Nothing gives me more professional satisfaction than seeing my work being used for practical applications.
During development, it's useful to quickly find information about form elements. Quickly is the key word here, and adding a
dpm in a
hook_form_alter then removing it becomes tedious.
Here's a very simple module to add debug information to the
title attribute of all form elements:
One of my long-standing gripes with Views is the inability to alter the behaviour of existing Views handlers (e.g. fields, filters, etc.) without having to subclass the desired handlers to add new functionality. While the subclassing approach is fine when the functionality targets a new field type, it is not ideal if the change required should affect existing fields, across different types of handlers.
I was recently commissioned to create a module that displays tooltips on field headers, regardless of field type.
In part 1 of this series, I introduced the workflow we use for managing i18n-friendly configuration using Features.
oEmbed is a simple and popular protocol for embedding external media in web pages. It supports many types of content, including images, videos, and even "rich" content (i.e., HTML snippets). Unfortunately, the current Facebook embed mechanism does not work so well when the embed code is loaded dynamically on a page, e.g.
One of the technologies that made a lasting impression on me, as a young programmer, was Microsoft OLE. To give my own applications the ability to embed documents created in other applications, and vice-versa, was mind-blowing!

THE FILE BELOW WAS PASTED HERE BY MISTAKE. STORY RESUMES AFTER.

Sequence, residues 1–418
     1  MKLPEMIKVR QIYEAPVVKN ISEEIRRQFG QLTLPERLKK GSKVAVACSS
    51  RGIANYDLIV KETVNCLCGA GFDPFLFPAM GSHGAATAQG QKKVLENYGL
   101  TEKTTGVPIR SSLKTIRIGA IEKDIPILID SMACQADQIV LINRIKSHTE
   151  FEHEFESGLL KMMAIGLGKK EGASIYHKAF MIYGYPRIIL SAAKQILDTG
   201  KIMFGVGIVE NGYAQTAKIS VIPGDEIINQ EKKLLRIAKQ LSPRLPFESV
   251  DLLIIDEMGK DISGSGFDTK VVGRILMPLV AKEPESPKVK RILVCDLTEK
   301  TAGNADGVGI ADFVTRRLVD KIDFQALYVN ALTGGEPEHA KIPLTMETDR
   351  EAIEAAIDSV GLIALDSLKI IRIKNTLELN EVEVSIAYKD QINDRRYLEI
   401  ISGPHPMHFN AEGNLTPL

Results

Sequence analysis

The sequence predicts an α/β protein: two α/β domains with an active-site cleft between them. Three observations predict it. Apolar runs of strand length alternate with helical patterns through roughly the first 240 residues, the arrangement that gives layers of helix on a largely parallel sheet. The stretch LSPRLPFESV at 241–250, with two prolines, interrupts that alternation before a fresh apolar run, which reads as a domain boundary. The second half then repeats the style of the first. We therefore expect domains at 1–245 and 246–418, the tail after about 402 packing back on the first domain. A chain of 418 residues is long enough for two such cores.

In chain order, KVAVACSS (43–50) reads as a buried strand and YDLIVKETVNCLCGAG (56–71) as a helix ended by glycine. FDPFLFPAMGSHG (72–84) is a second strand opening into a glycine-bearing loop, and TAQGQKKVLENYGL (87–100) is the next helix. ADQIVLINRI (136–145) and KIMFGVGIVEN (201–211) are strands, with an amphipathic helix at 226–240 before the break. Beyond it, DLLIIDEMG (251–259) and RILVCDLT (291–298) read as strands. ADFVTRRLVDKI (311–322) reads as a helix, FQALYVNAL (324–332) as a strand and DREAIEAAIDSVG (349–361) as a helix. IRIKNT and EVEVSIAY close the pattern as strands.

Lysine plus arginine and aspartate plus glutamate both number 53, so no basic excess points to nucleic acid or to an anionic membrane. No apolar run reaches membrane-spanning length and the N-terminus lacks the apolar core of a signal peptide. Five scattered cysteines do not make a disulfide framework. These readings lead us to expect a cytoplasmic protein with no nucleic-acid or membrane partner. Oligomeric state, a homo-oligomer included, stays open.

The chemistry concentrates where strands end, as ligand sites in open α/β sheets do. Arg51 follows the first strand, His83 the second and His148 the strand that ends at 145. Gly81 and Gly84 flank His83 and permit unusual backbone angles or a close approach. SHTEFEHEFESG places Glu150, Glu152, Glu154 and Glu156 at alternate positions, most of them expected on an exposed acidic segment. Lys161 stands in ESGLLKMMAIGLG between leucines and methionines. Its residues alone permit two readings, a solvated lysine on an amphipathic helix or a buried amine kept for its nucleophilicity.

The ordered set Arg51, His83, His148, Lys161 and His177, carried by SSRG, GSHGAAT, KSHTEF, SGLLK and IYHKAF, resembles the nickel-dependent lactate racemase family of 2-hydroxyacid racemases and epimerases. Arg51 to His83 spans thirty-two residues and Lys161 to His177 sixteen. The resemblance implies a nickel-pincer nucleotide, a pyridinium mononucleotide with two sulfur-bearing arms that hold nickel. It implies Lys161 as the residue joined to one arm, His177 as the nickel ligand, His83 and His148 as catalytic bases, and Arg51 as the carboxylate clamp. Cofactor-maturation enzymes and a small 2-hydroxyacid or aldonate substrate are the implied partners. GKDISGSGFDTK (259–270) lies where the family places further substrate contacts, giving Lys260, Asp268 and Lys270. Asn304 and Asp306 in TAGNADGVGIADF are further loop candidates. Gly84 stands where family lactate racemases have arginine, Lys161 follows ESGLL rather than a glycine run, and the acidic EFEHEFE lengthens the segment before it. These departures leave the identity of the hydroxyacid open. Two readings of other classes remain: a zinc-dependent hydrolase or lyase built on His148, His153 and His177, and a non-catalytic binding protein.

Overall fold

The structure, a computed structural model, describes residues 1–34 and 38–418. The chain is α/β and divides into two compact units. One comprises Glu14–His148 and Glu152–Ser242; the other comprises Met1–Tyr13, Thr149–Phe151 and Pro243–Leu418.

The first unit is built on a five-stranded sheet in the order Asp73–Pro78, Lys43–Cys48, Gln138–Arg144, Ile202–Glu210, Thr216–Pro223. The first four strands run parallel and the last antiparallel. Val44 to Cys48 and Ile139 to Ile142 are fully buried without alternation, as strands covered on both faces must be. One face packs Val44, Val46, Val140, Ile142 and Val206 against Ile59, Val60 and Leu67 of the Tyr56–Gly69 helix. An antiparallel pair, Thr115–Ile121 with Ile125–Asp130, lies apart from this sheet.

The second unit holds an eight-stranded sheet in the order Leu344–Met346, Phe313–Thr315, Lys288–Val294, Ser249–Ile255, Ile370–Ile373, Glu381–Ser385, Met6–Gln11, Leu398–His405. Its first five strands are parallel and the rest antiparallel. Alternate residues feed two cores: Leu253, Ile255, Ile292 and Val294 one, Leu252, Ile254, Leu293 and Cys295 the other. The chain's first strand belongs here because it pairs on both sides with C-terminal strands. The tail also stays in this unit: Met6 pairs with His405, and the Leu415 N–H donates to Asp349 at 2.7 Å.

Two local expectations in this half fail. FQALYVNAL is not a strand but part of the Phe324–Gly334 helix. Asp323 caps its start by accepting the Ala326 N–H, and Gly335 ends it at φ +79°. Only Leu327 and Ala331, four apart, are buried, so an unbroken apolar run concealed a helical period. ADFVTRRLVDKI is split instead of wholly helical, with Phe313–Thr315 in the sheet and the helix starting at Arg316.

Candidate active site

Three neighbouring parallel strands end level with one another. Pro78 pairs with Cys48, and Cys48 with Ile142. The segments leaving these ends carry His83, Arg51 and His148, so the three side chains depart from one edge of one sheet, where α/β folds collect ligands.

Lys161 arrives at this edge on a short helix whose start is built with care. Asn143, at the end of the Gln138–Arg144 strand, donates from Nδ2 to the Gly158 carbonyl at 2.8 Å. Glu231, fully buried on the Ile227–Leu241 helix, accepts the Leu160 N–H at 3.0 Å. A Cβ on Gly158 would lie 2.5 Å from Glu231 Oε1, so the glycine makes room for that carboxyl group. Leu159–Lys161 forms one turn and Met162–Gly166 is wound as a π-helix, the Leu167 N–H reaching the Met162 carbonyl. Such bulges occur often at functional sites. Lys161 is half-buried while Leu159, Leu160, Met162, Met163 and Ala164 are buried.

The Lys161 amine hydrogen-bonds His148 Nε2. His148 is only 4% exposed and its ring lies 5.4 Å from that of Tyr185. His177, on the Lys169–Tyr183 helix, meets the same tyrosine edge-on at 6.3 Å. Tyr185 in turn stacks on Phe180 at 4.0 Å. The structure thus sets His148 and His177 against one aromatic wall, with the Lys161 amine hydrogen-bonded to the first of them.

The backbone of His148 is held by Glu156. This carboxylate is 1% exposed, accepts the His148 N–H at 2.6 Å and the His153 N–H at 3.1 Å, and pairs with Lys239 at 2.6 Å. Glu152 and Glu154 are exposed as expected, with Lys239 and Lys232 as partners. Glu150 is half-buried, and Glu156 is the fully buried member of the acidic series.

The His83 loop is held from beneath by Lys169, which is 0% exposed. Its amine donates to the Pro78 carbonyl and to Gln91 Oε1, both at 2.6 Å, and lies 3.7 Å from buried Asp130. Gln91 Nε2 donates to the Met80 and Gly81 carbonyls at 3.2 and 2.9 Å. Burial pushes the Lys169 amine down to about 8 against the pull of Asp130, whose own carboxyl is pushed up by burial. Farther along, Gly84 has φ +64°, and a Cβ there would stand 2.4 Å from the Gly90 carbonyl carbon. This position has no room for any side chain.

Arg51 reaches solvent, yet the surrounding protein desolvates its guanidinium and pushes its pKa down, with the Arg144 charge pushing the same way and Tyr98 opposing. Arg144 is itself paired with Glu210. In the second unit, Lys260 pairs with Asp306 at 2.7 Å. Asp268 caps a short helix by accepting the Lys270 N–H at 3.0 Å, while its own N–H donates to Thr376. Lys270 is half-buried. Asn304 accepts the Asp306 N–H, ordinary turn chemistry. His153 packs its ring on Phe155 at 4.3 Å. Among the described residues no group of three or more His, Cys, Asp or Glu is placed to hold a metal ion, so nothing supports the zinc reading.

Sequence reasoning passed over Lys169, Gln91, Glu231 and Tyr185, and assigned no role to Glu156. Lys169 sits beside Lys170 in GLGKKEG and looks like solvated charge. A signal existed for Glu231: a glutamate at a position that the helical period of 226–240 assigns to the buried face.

I've been maintaining a growing amount of modules over the years. I am starting to document my observations, habits and challenges, in the hope they'd be useful to other Drupal coders.
I devote time and energy to the development of a module. Since I consider myself a software craftsman, each module is a creation of mine - an artifact to which I try to imbue functional and aesthetic values.
Now that Twitter 1.1 and Feeds are buddies, time to move to other data sources. Next up: Facebook. Using trusty Feeds and friends, I was able to ingest my own Facebook home feed. Here's how to replicate this:
For the impatient, attached is a feature that should get you set up quickly.
Update: This post now contains a feature that you can import in D7 to see the Twitter feed in action.
The new Twitter 1.1 API kicked in recently, which meant a new cycle of maintenance for anyone consuming their data programmatically. My own Feeds + Views demo site streams #drupal, using Feeds and complementary modules.